Melissa Dalton, Senior Fellow and Deputy Director of the International Security Program for the Center for Strategic and International Studies (CSIS), was the final witness to offer insight at the hearing. Dalton acknowledged the increasingly complex operational dynamics inside the country, especially given Assad’s considerable backing from allies like Russia, Iran and Lebanese Hezbollah. She also noted that Syria has been “cleaved” into four different parts of fragmented territory controlled by various forces like the Assad regime, Sunni Arab tribes, opposition groups backed by the U.S., Turkey and Gulf states, and Israel and Jordan-backed opposition forces. While Dalton stated that many of the strategic counterterrorism options have been pursued under President Obama, her strategy recommendations invoked a number of U.S. statecraft tools, including diplomatic initiatives, economic measures and military operations, with the ultimate goal to weaken ISIS and other terrorist actors, negotiate a political solution, and “consolidate security gains by knitting together local security, governance, and developments in the four segments of Syria”.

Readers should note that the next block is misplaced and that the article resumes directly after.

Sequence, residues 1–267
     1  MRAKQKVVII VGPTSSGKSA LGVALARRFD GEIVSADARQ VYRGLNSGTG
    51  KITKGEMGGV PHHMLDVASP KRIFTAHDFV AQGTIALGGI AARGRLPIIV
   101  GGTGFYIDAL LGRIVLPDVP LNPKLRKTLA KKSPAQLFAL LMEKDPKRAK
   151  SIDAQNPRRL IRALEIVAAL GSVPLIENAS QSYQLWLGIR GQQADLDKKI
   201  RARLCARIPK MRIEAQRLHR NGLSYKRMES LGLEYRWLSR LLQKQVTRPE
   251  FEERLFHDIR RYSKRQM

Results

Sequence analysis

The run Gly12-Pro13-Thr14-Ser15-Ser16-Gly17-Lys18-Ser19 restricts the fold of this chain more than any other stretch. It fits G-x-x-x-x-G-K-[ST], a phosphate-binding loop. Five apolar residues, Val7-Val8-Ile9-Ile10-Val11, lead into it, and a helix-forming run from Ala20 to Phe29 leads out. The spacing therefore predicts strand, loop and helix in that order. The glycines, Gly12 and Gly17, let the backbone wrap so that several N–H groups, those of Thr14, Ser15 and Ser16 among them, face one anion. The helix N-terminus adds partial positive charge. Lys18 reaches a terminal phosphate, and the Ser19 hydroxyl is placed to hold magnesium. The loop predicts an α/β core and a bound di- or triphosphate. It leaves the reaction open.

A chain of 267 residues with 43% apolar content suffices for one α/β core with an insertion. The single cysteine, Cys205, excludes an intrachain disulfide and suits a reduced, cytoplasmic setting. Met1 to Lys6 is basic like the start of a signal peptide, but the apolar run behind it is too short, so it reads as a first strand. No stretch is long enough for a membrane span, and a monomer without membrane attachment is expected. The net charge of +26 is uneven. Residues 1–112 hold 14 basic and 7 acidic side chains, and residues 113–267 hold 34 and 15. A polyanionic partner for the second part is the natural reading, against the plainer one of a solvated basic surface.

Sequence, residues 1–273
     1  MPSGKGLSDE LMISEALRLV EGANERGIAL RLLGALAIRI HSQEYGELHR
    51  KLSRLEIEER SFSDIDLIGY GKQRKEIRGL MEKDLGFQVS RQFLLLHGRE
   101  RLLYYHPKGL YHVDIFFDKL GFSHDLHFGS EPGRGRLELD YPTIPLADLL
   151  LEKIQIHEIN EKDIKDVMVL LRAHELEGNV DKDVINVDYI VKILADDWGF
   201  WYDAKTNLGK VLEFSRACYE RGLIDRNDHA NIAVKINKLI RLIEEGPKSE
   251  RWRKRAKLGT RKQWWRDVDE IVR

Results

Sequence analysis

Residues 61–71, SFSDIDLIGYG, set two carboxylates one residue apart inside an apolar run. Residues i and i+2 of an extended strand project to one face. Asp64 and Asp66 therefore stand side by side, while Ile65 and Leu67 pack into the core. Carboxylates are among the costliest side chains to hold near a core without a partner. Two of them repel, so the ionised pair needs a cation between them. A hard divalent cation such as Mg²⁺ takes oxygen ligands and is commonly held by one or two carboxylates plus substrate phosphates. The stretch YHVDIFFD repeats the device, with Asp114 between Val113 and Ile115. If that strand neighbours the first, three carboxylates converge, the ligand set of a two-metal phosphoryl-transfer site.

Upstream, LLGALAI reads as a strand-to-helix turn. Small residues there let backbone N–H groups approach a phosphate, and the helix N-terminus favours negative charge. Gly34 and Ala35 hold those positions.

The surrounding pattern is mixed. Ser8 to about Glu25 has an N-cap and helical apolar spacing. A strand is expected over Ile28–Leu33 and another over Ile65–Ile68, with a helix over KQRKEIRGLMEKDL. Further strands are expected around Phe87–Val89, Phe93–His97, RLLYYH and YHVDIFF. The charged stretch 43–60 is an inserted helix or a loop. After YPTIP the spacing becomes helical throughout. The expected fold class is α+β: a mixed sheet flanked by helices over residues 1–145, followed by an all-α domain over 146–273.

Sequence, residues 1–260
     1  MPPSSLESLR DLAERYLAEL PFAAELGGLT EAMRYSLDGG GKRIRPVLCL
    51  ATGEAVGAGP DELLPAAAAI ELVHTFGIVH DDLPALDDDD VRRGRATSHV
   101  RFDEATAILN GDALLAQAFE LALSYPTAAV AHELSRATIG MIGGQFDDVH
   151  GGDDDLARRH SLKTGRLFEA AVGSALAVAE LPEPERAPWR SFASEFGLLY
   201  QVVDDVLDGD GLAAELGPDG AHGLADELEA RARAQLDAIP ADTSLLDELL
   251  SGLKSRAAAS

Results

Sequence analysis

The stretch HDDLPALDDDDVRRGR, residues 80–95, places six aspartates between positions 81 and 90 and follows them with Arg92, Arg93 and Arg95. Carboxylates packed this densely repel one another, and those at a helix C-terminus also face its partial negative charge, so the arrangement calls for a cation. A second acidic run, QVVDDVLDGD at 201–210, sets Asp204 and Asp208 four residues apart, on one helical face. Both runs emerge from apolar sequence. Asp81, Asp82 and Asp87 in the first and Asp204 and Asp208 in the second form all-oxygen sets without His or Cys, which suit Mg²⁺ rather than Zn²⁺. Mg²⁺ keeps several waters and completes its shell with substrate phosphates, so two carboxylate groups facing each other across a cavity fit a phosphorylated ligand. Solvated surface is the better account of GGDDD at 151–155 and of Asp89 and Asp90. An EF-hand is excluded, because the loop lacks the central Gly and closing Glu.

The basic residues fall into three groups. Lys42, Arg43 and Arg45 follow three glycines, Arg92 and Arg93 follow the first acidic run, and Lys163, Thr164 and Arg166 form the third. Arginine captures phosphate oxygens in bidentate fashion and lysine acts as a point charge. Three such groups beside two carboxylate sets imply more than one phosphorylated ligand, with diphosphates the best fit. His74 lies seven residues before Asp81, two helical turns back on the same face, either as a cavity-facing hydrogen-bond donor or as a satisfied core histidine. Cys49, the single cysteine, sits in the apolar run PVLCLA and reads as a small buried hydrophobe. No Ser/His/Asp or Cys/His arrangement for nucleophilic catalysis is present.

The U.S. policy approach towards the Syrian civil war under the Obama administration strongly opposed military action against Assad’s regime, largely to avoid engaging in Middle East conflict and the investment of military resources and ground troops required to do so. Obama’s military aid program worked with U.S. regional allies to provide arms and training to moderate rebel factions, yet his administration concluded involvement in the Syrian crisis lacked “legal basis” and would ultimately be a “strategic mistake”. While the policy direction under the new Trump administration has yet to be determined, Trump has previously expressed support for the concept of safe zones, in part as an alternative for refugees fleeing the country. On February 17th, countries opposed to the Assad regime convened in advance of the U.N.-based Geneva peace talks scheduled to resume on February 20th, both of which are timely opportunities for a unified dialogue on the most effective approach the fragile Syrian crisis.